US House Republicans are introducing legislation that would broaden US sanctions law to ban social media platforms from letting foreign persons or organizations which were put under sanctions for terrorism from using their services, Fox News reported Tuesday citing a copy of the bill.
The law bill is reportedly proposed by representatives Andy Barr, Jim Banks, and Joe Wilson, and is reportedly co-sponsored by 40 other members of the House Republican Study Committee. The social media platforms mentioned in the proposed law include Twitter, Facebook, Instagram and YouTube.
"US law gives big tech a free pass to provide platforms to terrorist groups and dictators," Representative Barr of Kentucky is quoted in the report as saying. "Social media companies should not provide a vehicle for terrorist groups like ISIS to raise money or for dictators like the Ayatollah of Iran to spread propaganda."
The bill reportedly aims to clarify the current sanctions legislation by empowering the president with authority to limit the "provision of services," including the management of accounts by Big Tech platforms to foreign persons or organizations sanctioned for terrorism by the US, and top officials of states, which are listed as sponsors of terrorism.
"Economic sanctions prohibiting the provision of services to individuals and entities sanctioned for terrorism should apply to social media platforms, while still supporting the free flow of information and maintaining the important principle that information should remain free of sanctions," the legislation reportedly reads.
The bill also reportedly encourages the Treasury Department to "ensure that consumer communications technologies, as well as tools to circumvent government censorship, are available to civil society and democratic activists in such countries."
Representative Jim Banks of Indiana, chairman of the Republican Study Committee, a conservative caucus within the House, claimed because of "outdated sanctions laws, social media platforms are able to ban President Trump and other conservatives but let the Iranian Supreme Leader and President Bashar Assad of Syria continue having accounts on Twitter, Instagram, Facebook and YouTube."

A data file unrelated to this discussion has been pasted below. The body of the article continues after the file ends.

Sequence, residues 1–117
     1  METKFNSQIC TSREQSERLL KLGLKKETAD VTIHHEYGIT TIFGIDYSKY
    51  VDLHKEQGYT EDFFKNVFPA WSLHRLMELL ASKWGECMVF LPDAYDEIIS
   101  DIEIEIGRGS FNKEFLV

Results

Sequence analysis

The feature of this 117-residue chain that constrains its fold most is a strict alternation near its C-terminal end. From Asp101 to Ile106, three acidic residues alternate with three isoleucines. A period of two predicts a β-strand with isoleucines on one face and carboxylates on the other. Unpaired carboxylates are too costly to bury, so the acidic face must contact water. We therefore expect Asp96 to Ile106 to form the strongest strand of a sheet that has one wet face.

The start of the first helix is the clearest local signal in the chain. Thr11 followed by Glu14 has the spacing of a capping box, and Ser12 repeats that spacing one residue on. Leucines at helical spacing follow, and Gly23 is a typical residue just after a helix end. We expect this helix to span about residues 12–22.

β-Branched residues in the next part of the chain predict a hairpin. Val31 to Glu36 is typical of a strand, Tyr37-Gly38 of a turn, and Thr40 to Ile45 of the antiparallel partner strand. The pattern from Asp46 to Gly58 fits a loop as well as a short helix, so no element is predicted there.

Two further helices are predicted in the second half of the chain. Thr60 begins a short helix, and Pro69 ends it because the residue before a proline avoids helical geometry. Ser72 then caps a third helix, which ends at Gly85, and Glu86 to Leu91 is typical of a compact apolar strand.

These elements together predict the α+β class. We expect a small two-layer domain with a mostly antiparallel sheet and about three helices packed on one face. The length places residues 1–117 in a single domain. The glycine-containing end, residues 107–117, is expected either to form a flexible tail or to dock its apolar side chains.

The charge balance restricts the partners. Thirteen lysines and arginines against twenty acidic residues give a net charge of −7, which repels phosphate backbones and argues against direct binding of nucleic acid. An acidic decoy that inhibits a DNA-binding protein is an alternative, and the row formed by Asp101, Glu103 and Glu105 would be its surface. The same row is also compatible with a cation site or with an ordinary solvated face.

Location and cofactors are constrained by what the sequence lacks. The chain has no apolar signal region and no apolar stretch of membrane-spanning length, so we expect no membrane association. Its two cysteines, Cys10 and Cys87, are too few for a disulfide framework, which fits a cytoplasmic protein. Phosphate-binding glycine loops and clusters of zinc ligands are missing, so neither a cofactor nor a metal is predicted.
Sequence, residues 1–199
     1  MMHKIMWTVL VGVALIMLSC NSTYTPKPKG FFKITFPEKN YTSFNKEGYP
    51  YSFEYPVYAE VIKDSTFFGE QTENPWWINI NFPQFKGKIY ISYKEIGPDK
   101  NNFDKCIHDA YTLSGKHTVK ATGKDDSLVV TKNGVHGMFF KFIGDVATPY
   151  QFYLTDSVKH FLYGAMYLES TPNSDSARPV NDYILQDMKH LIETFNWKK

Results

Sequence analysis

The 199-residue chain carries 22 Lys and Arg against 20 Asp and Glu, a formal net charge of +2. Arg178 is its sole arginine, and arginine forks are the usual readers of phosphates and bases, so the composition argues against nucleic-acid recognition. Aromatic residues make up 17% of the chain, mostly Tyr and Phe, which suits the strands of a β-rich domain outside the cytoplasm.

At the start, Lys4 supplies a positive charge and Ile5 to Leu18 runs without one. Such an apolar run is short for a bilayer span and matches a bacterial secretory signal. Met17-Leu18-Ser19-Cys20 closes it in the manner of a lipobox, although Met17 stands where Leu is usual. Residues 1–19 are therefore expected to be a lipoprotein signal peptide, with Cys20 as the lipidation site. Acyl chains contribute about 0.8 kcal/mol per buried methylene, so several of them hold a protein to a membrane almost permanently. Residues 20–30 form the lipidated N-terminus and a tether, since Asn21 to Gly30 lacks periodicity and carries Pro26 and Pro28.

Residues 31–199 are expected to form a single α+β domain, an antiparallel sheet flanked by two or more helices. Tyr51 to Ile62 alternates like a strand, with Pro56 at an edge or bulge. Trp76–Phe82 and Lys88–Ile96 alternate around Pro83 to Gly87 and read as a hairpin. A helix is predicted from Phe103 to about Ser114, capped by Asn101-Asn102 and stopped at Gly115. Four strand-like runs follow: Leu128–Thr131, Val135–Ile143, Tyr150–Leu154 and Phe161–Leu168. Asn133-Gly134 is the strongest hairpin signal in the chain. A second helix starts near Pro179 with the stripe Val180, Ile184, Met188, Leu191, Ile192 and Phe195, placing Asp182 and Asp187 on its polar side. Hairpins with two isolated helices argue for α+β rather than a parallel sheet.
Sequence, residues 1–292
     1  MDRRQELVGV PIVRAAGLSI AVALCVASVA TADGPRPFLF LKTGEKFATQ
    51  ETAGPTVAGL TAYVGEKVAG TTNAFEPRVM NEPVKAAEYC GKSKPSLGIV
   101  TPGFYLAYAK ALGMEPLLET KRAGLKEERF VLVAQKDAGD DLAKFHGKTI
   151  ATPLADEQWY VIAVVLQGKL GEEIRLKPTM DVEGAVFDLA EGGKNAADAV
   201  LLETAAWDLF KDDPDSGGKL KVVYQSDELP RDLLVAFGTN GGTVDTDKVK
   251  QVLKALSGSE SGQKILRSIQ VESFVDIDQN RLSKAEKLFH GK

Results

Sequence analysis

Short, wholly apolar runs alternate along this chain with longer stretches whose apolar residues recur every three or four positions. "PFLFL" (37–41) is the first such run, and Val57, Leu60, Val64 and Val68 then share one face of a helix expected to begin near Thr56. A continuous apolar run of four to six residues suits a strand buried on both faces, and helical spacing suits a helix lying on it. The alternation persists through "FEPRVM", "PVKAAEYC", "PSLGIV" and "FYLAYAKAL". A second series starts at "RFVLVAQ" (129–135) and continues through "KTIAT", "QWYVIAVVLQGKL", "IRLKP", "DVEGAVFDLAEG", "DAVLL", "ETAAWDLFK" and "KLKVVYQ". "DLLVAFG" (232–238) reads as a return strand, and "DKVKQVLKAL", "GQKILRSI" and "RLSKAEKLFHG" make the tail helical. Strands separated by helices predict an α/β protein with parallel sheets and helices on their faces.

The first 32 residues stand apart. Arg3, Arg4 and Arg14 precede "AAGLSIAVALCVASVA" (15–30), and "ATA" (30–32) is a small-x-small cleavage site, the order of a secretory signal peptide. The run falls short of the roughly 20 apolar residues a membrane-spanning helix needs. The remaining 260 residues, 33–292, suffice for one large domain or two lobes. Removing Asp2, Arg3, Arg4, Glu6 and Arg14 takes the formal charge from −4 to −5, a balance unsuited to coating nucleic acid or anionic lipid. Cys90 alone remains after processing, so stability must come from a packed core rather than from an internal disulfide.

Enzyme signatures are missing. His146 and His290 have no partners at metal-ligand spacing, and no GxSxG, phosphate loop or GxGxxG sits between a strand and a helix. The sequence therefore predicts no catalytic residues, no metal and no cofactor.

"Thanks to Rep. Barr, we have a bill that would fix this double standard and hold Big Tech accountable to the same sanctions laws other American companies are required to follow," Banks said.
Controversially enough, the lawmakers claim at the same time that the US Department of Treasury "should encourage the free flow of information in Iran, Syria, North Korea, Cuba, and other countries," which, according to Washington, are "controlled by authoritarian regimes," in order to counter them.
Under the existing law, the US president does not have the authority to compel social networks to comply with US sanctions law as it pertains to designated terrorists due to the International Economic Emergency Powers Act of 1976, and especially the so-called Berman Amendments, adopted in 1988 and revised in 1994 to include electronic media. Those amendments forbid the president from even implicitly restricting or banning anything that deals with the free flow of informational services.
Republicans have repeatedly challenged social media's liability protections under Section 230 that shield social networks from being held responsible for the content posted on their platforms, while enabling them to moderate it.
Following the criticism, Twitter suspended the account of Iranian Supreme Leader Ayatollah Ali Khamenei and removed the tweet where he said that Western COVID-19 vaccines were "completely untrustworthy."